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Decoupled richness of generalist anaerobes and sulphate-reducing bacteria is driven by pH across land uses in temperate soils

George, Paul B.L. ORCID: https://orcid.org/0000-0002-3835-431X; Coelho, Katia P.; Creer, Simon; Lebron, Inma; Robinson, David A.; Jones, Davey L.. 2020 Decoupled richness of generalist anaerobes and sulphate-reducing bacteria is driven by pH across land uses in temperate soils. European Journal of Soil Science. https://doi.org/10.1111/ejss.13040

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Abstract/Summary

Sulphate‐reducing bacteria (SRB) represent a key biological component of the global sulphur (S) cycle and are common in soils, where they reduce SO42− to H2S during the anaerobic degradation of soil organic matter. The factors that regulate their distribution in soil, however, remain poorly understood. We sought to determine the ecological patterns of SRB richness within a nationwide 16S metabarcoding dataset. Across 436 sites belonging to seven contrasting temperate land uses (e.g., arable, grasslands, woodlands, heathland and bog), SRB richness was relatively low across land uses but greatest in grasslands and lowest in woodlands and peat‐rich soils. There was a shift in dominant SRB taxa from Desulfosporosinus and Desulfobulbus in arable and grassland land uses to Desulfobacca in heathland and bog sites. In contrast, richness of other generalist anaerobic bacterial taxa found in our dataset (e.g., Clostridium, Geobacter and Pelobacter) followed a known trend of declining richness linked to land‐use productivity. Overall, the richness of SRBs and anaerobes had strong positive correlations with pH and sulphate concentration and strong negative relationships with elevation, soil organic matter, total carbon and carbon‐to‐nitrogen ratio. It is likely that these results reflect the driving influence of pH and competition for optimal electron acceptors with generalist anaerobic bacteria on SRB richness.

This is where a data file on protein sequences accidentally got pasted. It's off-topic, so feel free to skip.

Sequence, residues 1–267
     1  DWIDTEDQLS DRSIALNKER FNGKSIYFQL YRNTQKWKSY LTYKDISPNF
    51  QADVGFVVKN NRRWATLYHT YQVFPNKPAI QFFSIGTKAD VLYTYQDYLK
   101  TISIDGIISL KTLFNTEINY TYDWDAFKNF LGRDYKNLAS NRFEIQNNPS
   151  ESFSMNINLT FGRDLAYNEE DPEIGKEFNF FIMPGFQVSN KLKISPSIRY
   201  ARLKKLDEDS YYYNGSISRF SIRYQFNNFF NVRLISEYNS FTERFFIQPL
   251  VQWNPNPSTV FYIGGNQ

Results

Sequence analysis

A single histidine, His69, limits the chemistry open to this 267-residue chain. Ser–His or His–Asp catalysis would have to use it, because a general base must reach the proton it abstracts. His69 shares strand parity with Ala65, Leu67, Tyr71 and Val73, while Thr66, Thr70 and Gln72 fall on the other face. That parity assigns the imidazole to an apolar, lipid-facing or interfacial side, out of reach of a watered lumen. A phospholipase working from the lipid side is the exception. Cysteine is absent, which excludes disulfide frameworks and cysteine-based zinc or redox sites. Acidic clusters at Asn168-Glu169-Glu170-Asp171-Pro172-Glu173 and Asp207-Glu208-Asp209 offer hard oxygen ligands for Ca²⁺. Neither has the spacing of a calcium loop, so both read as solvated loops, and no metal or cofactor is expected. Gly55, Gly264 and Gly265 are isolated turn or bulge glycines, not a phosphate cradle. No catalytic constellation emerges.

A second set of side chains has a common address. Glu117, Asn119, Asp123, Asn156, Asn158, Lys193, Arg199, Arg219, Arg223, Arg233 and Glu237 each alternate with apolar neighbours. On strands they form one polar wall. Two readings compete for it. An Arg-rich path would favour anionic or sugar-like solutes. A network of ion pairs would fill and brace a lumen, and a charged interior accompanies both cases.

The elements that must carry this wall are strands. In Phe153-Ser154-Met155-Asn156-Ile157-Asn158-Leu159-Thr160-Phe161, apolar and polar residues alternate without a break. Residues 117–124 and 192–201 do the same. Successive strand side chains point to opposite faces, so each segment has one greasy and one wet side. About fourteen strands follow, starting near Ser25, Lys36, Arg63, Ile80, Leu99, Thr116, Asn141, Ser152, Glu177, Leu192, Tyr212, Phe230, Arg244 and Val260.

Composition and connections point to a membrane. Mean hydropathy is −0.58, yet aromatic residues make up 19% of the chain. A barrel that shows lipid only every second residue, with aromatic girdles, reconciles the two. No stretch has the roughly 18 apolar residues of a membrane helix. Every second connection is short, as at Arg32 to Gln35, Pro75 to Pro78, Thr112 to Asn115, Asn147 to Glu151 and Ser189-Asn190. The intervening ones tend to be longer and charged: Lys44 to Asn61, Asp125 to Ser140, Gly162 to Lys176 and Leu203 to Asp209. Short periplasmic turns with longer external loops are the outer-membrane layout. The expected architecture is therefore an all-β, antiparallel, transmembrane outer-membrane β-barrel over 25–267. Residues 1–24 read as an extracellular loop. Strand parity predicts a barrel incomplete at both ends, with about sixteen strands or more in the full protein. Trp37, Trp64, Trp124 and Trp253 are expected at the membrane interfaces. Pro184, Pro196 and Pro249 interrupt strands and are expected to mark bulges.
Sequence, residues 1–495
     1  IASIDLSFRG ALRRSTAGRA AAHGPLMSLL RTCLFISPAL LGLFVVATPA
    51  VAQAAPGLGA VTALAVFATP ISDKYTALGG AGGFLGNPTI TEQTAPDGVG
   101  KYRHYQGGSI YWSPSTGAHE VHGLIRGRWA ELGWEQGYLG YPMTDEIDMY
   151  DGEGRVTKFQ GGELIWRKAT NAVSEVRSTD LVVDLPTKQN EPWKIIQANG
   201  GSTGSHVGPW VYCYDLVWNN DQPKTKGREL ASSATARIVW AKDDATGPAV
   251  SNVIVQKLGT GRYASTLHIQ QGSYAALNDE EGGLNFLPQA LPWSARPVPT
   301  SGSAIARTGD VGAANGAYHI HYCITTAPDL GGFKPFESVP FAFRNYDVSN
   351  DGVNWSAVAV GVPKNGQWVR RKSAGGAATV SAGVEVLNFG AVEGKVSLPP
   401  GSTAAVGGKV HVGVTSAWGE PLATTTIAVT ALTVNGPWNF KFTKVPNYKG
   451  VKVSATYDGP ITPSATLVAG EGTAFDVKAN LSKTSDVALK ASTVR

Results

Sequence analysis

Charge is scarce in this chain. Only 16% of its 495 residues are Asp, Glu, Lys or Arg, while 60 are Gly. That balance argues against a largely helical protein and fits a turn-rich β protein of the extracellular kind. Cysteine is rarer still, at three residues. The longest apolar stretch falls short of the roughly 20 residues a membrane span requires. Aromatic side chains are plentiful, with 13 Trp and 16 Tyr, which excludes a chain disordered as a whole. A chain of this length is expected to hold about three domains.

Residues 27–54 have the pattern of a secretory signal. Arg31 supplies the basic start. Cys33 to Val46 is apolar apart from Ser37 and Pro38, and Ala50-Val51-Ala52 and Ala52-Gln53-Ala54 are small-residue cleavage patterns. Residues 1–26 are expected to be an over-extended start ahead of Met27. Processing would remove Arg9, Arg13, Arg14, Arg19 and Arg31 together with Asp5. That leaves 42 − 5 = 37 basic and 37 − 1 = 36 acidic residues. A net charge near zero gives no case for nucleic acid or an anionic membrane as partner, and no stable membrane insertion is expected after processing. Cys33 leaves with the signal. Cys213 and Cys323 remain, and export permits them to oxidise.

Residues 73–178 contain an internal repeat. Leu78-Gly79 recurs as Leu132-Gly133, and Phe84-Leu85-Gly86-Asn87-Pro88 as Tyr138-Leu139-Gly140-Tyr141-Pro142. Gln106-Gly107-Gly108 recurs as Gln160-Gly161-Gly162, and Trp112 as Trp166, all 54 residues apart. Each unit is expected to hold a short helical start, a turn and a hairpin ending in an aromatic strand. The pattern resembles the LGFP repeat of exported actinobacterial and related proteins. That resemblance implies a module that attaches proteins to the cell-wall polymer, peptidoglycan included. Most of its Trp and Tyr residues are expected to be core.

Item Type: Publication - Article
Digital Object Identifier (DOI): https://doi.org/10.1111/ejss.13040
UKCEH and CEH Sections/Science Areas: Soils and Land Use (Science Area 2017-)
ISSN: 1351-0754
Additional Information. Not used in RCUK Gateway to Research.: Open Access paper - full text available via Official URL link.
Additional Keywords: anaerobes, atmospheric deposition, dissimilatory sulphate reduction, nutrient cycling, soil acidity
NORA Subject Terms: Agriculture and Soil Science
Date made live: 26 Dec 2020 12:52 +0 (UTC)
URI: http://nora.nerc.ac.uk/id/eprint/529279

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